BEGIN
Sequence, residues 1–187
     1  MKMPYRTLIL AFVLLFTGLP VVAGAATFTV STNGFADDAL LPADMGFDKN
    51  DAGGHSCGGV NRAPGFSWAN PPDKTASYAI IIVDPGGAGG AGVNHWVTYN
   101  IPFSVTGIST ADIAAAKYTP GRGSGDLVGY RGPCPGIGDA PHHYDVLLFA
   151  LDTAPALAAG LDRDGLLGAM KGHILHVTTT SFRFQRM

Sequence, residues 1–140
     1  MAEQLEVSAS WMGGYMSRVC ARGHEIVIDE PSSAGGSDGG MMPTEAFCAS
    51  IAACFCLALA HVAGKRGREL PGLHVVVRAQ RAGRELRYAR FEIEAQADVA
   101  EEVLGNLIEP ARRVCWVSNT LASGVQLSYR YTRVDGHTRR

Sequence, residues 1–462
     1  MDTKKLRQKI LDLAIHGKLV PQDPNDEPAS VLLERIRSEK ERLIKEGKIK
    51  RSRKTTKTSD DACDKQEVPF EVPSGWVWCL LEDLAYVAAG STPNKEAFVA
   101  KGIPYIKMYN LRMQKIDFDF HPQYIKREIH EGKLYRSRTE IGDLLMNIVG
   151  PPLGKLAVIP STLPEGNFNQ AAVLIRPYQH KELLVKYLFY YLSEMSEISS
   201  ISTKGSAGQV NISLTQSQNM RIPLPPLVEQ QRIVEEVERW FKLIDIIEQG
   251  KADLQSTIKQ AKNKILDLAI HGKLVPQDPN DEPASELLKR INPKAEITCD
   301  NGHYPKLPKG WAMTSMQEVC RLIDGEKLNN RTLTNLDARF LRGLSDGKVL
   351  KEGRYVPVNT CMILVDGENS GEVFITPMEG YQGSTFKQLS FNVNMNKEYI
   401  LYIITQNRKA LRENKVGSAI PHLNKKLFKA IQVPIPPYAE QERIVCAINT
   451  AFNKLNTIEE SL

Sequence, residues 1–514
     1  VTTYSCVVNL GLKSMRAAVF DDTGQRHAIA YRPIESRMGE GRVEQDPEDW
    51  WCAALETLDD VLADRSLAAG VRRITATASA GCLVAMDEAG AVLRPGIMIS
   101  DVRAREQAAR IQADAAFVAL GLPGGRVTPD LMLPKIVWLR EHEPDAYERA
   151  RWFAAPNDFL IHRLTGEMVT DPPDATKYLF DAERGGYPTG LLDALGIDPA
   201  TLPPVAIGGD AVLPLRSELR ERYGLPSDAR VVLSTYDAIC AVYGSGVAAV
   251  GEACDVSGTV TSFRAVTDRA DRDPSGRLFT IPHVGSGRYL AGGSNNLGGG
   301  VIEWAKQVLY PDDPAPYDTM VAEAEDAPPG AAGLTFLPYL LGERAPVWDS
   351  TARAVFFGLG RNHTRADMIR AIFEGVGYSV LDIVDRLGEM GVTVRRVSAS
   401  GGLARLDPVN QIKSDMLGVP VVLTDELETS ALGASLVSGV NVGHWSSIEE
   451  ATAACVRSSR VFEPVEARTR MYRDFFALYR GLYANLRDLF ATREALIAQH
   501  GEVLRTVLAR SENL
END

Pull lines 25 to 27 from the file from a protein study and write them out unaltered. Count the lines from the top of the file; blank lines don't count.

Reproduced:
   151  RWFAAPNDFL IHRLTGEMVT DPPDATKYLF DAERGGYPTG LLDALGIDPA
   201  TLPPVAIGGD AVLPLRSELR ERYGLPSDAR VVLSTYDAIC AVYGSGVAAV
   251  GEACDVSGTV TSFRAVTDRA DRDPSGRLFT IPHVGSGRYL AGGSNNLGGG